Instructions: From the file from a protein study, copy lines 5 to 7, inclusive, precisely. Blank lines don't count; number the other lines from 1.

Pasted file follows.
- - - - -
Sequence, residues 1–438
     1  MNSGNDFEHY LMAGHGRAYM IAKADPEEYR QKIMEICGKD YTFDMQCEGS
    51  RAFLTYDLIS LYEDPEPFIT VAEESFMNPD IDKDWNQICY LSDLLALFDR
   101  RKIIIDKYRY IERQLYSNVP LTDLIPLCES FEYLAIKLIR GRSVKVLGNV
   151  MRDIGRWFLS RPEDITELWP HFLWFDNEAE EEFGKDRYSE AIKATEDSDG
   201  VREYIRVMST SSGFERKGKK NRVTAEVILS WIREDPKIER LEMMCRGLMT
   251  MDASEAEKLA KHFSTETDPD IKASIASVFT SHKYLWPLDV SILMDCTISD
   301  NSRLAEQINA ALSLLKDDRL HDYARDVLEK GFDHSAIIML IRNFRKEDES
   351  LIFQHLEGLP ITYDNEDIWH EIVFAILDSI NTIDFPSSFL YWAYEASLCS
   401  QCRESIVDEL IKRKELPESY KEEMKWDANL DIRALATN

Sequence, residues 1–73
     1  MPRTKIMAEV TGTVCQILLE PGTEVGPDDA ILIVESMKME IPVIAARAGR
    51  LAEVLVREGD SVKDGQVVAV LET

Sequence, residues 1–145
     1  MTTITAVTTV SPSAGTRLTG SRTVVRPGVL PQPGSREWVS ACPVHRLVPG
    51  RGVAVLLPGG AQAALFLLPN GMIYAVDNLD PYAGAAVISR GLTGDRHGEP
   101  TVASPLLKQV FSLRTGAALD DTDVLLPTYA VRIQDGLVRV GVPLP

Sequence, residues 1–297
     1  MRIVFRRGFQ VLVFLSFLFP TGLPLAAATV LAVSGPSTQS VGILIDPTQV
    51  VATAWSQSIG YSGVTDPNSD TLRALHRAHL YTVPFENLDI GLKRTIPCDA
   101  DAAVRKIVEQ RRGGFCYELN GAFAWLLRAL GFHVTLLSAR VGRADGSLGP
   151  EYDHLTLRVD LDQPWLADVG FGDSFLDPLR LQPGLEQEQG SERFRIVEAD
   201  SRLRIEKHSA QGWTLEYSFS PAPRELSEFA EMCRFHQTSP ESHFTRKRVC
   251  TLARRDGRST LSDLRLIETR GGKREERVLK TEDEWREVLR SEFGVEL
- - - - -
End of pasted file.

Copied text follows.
   151  MRDIGRWFLS RPEDITELWP HFLWFDNEAE EEFGKDRYSE AIKATEDSDG
   201  VREYIRVMST SSGFERKGKK NRVTAEVILS WIREDPKIER LEMMCRGLMT
   251  MDASEAEKLA KHFSTETDPD IKASIASVFT SHKYLWPLDV SILMDCTISD